Informational Posts / My Personal Experiences

Why It’s Important to Know if You Have Hashimoto’s

90% of people with Hypothyroidism (an underactive thyroid) also have the autoimmune disease Hashimoto’s as the cause. [1]

Yet many of us are never told if we have Hashimoto’s, or even tested for it.

However, knowing if this autoimmune disease is the cause for our thyroid condition is important.

Butterfly on Neck

Why Are So Many of Us Not Tested?

In mainstream medicine, there is no standardised treatment for Hashimoto’s, so for many doctors, checking for this autoimmune disease is seen as a waste of time because it doesn’t change how they treat you.

Why it Does Matter

We all have a right to know whether we have an autoimmune disease. Having Hashimoto’s is a separate health condition. It can bring complications, e.g. having one autoimmune disease increases the chances of developing another, and pregnancy is also considered higher risk in someone with Hashimoto’s. Having Hashimoto’s can also indicate that you have other areas of your health in need of support other than just taking thyroid medication.

Also, more progressive medicine does offer treatment for Hashimoto’s.

Lifestyle changes are often recommended to help treat and manage Hashimoto’s, such as dietary changes, stress management, gut health focus, supplementation and more.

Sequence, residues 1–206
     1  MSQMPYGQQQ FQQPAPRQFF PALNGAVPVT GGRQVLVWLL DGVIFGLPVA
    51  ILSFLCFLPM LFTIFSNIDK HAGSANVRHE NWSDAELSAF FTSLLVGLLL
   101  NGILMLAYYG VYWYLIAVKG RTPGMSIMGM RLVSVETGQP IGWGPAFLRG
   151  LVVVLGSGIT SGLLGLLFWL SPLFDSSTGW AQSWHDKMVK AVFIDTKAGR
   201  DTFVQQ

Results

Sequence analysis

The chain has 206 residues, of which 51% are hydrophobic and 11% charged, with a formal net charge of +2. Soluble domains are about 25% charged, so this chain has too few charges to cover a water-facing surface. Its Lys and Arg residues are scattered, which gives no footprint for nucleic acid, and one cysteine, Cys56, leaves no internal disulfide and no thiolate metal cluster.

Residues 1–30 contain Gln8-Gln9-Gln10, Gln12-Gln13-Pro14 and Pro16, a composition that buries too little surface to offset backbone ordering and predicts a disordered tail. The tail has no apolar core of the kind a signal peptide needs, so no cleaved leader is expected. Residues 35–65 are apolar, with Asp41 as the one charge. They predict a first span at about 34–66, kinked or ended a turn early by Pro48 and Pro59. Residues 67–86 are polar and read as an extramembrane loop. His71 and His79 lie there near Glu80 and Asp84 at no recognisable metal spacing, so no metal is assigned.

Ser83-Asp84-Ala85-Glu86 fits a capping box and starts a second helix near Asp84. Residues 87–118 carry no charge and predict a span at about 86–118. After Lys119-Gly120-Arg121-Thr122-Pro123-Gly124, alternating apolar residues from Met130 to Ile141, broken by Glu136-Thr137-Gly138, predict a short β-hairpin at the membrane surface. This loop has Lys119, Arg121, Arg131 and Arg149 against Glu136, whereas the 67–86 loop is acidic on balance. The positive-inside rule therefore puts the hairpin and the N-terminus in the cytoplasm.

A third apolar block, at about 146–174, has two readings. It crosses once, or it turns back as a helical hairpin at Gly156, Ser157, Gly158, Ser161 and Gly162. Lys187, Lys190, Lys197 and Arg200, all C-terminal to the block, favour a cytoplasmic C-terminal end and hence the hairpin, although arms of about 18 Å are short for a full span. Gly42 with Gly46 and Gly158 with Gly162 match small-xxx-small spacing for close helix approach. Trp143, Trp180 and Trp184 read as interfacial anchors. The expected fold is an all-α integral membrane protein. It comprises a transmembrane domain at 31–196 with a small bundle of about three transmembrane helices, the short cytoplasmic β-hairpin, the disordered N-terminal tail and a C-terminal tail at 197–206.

Hashimoto’s causes the body to attack and destroy its own thyroid gland, causing hypothyroidism as the thyroid begins to dysfunction from the damage caused. As time goes by, if this autoimmune disease is not well controlled, your body continues to attack and destroys the thyroid as if it is the enemy, which can cause your levels to gradually get worse and worse, meaning further increases in thyroid medication dosage and worsening symptoms.

By working with a private doctor and functional medicine practitioner who treated my Hashimoto’s and not just the hypothyroidism, we put it in remission with antibodies coming down from the thousands to almost zero. And I felt much, much better for it. My thyroid condition became very well managed due to treating the Hashimoto’s.